a living thing, enveloping her in a warmth of a sort she'd

never known before. She had the giddy and irrational

thought that she didn't deserve this much happiness. "Solar

winds are kicking up, Lieutenant," her father said. "Let's

give the port thrusters one more burst and then call it a


"Aye, sir. It's been a good first run."

What happened then occurred so quickly that, years later,

she couldn't pinpoint exactly what the sequence of events

was. All she could recall was that one moment she heard her

father say "Wind shear-"and the next she was falling

through space, slowly, drifting, vaguely aware of strange

chilly breezes but not bothered by them. She felt as though

she were in a hammock, swaying gently, floating toward the

surface like a scrap of paper tossed on the winds but

settling inevitably lower and lower. There was no sense of

disaster, or even mishap. She felt mildly curious as to

these puzzling circumstances, but not alarmed by them. The

downward drift was so soothing that she almost wanted it to

go on indefinitely. She sailed that way for a long time.

Then she heard a rush of air and her body absorbed a

massive impact; pain screamed through her bones and she

thought they must all be broken. She lay stunned for a 228

period of time she couldn't determine, waiting for the

pain to subside, waiting for her vision to clear-comshe couldn't see. That fact finally registered in her

mind. Only darkness surrounded her, a black, agony-filled

universe that began and ended with her body, racking her,

obliterating her efforts to quell the suffering. She tried,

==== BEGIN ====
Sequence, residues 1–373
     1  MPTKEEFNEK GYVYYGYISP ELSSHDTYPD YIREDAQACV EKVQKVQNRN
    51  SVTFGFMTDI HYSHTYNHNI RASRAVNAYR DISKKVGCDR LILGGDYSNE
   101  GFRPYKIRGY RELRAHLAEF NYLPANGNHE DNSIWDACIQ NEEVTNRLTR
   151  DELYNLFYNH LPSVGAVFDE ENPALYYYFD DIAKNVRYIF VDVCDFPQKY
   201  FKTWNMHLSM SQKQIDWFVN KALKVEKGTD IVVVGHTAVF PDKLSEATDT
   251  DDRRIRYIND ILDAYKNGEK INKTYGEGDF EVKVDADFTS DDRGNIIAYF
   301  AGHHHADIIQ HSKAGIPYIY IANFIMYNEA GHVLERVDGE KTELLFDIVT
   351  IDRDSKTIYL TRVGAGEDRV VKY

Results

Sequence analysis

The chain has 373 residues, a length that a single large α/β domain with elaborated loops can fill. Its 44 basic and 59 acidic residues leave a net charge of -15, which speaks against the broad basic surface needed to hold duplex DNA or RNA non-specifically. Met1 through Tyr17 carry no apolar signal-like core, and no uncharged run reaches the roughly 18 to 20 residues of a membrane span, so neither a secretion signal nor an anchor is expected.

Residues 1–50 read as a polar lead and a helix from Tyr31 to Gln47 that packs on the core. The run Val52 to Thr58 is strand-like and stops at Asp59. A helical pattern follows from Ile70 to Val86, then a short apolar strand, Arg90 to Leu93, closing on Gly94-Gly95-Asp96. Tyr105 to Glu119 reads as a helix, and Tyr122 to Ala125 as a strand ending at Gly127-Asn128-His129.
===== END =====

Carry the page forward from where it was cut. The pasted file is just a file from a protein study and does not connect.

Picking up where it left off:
without success, to use her pain-reduction techniques, then

finally resigned herself to the hurt.

Time passed. She had no clear idea of how long, and knew

she might have been passing in and out of consciousness.

Eventually the pain ebbed and she began to feel tranquil

again; a narcotizing effect seemed to have pervaded her

brain-a natural secretion of endorphins, she thought

instinctively-and she felt consciousness begin to slip


Something was in her mouth. And her nose. She couldn't

breathe, she was suffocating, that was why she was drifting

off . . . strange, that she could acknowledge that she was

dying, recognize the cause, and yet be unable-even

unwilling-to do anything about it. She coughed. Felt a

sudden intake of cold substance, and then choked, gasping,

sucking air but ingesting instead whatever that cold

substance was, wishing she could return to the cocoon of

unconsciousness once more.

Dying, she realized, wasn't frightening; living was

infinitely more difficult.

Without conscious will, she lifted her head. A realization

invaded her mind: she had been lying facedown in a

snowbank. White crystals clung to her face, and to her

eyelashes, obscuring her vision. She dug at her eyes,

brushing away snow and bits of ice, and suddenly she could

see again.

Parts of a small space ship were strewn around a vast, ice-ridden landscape; everything was white for as far as she


could see, and the horizon blended almost

indistinguishably into a pale gray sky, making her feel as

if she were inside a vast white sphere.